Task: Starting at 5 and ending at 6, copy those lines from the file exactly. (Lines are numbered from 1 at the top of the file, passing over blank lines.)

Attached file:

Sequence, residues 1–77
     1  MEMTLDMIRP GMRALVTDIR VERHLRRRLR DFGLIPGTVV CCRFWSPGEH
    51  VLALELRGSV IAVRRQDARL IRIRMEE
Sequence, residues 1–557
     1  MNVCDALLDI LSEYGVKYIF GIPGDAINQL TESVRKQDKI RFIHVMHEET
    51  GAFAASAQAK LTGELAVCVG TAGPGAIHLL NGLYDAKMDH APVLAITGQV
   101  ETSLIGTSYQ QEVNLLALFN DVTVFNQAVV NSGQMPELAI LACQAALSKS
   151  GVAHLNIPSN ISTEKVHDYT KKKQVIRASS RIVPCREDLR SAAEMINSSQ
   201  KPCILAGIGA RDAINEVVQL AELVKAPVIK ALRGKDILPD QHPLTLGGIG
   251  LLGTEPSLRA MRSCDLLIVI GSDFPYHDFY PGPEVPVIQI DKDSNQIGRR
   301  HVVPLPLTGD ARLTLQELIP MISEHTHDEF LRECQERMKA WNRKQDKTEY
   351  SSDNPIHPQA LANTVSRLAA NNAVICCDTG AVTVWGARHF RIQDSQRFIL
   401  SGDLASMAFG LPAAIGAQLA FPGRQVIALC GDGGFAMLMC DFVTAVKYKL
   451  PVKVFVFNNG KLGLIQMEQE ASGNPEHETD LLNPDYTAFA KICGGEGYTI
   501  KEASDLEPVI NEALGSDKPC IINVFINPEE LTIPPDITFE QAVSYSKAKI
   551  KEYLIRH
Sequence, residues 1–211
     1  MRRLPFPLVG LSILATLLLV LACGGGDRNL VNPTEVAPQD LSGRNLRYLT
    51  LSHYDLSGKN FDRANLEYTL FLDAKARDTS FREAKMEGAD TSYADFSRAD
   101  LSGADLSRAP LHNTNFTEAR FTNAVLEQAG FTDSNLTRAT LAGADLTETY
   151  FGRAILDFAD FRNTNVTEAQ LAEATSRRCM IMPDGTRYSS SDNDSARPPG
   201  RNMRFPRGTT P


     1  MNVCDALLDI LSEYGVKYIF GIPGDAINQL TESVRKQDKI RFIHVMHEET
    51  GAFAASAQAK LTGELAVCVG TAGPGAIHLL NGLYDAKMDH APVLAITGQV